15 Roof: Green Roof Costly Uses Rain [could be harvested] Irrigation Requirements [sometimes] Added Structural Support Maintenance: - Difficult - Time Consuming Drawbacks Alternatives to Green Roof: Rainwater Harvesting “Cool” Roofing (white / high albedo materials)

16 Roof: Green Roof Checkerboard for cooling effect [no large areas ungreened] Variety for experimentation Greater area Intensive [more insulation and runoff reduction benefits] Flowers visible Landscaping and Garden accessible Native grasses Flowers/Sedum Garden Photovoltaic/GR Landscaping = extensive = intensive JJC’s Proposed Design

17 Roof: Green Roof Roof Covering Roof Area Reasoning Extensive: Native Grasses 750 ft 2 No irrigation, grow on any slope, used on GR in San Bruno successfully Extensive: Flowers/Sedum 700 ft 2 No irrigation, don’t transpire as much (sedums), used in many GRs Extensive: PV - GR 400 ft 2 Experimental area -- not as large Near to other PVs for maintenance Intensive: Landscaped 1250 ft 2 Easy to access on roof deck, large for recreation, experiments, variety Intensive: Roof Garden 750 ft 2 Smaller for lower irrigation needs, large enough for several crops

18 Roof: Green Roof Thermal Comfort Metal, shingle, or red tile (Stanford) roofs get hot!! Green roof = nice - Keep roof cooler; make house cooler. - If air-conditioned, reduces energy demand. - Summer max temp only 35% of unvegetated roof max Monitoring heat flux…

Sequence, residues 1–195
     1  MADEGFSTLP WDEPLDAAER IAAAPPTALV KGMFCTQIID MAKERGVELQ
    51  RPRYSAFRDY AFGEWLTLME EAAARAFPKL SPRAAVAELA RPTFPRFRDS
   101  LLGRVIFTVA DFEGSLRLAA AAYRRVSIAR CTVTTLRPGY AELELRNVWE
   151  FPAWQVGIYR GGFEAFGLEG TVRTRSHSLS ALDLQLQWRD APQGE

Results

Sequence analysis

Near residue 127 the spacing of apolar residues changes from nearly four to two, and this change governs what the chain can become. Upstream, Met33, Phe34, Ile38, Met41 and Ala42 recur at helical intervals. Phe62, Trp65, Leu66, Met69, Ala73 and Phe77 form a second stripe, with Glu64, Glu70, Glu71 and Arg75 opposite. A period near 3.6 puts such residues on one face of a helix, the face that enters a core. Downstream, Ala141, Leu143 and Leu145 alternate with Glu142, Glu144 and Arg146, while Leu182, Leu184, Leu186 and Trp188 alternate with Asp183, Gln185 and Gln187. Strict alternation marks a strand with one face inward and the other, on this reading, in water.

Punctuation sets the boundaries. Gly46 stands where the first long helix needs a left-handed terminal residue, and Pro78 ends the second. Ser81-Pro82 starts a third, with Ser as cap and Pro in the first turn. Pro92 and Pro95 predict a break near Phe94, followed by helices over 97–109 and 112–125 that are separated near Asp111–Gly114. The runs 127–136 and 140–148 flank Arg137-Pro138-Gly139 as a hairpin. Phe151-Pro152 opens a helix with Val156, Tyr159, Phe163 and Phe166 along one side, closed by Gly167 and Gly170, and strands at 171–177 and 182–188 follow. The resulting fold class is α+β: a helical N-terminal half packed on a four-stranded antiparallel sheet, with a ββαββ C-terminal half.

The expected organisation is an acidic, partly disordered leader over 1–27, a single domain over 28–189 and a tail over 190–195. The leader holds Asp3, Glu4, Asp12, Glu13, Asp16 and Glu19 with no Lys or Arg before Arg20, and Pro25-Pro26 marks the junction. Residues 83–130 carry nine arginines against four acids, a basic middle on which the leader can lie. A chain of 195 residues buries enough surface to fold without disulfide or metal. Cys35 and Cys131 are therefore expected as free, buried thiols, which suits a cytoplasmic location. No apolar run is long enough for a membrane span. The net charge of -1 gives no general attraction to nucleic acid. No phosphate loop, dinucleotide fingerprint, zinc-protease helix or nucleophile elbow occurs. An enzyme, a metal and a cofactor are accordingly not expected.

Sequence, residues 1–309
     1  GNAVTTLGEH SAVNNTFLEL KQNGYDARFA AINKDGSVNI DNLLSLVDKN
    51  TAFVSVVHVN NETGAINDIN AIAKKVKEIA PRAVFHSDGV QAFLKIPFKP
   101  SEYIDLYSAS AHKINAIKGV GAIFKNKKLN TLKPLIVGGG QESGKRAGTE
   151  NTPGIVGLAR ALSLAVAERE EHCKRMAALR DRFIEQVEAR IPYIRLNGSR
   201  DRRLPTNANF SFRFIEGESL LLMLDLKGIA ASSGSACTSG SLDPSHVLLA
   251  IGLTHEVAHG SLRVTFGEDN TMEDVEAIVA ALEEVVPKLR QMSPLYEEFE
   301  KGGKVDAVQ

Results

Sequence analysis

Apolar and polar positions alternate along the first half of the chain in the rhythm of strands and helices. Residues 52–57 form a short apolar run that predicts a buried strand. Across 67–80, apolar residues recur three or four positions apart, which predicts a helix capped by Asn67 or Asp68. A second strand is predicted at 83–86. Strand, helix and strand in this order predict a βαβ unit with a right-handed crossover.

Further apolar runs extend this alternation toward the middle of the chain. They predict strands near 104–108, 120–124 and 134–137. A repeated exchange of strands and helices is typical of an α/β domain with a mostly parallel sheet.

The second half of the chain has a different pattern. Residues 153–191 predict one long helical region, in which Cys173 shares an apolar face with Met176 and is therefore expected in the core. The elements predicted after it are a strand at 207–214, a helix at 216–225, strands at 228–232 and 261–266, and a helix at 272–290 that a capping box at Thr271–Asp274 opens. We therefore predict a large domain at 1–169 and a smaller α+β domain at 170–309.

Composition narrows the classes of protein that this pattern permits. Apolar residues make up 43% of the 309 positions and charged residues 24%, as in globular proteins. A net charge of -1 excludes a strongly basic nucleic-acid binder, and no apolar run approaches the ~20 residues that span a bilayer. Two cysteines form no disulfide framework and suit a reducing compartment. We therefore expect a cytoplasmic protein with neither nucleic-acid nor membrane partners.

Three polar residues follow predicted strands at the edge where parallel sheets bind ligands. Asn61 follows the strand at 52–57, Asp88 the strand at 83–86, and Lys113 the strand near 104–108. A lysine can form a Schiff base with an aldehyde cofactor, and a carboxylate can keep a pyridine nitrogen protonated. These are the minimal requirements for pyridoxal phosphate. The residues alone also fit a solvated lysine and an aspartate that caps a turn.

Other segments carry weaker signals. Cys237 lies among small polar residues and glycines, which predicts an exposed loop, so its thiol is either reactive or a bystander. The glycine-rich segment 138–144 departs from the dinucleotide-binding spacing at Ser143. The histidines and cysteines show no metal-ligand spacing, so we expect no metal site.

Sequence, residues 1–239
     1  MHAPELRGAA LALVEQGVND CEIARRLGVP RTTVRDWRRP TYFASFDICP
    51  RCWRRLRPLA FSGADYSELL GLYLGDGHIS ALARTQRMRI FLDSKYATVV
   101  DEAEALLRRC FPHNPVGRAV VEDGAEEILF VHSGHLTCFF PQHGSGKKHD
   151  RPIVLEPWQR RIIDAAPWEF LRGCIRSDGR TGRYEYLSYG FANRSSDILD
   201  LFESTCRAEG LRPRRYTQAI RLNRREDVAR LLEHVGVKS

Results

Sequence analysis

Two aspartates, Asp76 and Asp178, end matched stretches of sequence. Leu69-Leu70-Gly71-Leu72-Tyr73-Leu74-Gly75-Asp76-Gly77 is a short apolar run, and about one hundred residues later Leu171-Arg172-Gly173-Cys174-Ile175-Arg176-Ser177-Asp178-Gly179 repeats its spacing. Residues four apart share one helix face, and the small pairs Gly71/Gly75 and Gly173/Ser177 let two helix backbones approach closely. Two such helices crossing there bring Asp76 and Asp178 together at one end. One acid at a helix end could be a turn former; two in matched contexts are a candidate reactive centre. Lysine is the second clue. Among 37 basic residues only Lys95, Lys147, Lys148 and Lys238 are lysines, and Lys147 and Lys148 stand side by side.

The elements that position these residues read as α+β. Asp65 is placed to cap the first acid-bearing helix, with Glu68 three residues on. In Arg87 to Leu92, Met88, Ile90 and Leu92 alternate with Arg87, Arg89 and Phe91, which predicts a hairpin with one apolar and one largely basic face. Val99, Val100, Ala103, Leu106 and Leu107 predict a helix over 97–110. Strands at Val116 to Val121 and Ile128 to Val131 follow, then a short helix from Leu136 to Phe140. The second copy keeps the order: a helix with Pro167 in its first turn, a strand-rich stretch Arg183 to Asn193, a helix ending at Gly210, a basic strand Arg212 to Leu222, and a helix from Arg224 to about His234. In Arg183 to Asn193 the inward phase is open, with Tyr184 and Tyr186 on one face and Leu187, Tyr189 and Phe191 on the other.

19 Roof: Green Roof Plant Choice Criteria: Drought Tolerant Native to this Region Recommended to Clean Runoff PV-GR Less drought tolerant, like shade more Flower/SedumNative GrassesIntensive Coffee - berry California Poppy Purple Needle - grass Oregon Grape Emerald Carpet Manzanita Lupine Blue-eyed grass Pacific ninebark recommendations…

20 Roof: Green Roof Materials SectionGrowing Medium Depth Grasses, Flowers/Sedum 4-6” because this is considered ideal for sedums; grasses and flowers tolerate it too PV-GR 8” Because we use plants with slightly deeper root structures All Intensive 12 - 18” hilly, varied thickness All Sections can have same materials, but vary growing medium - composition - depth /genomics/ecoli/greenroof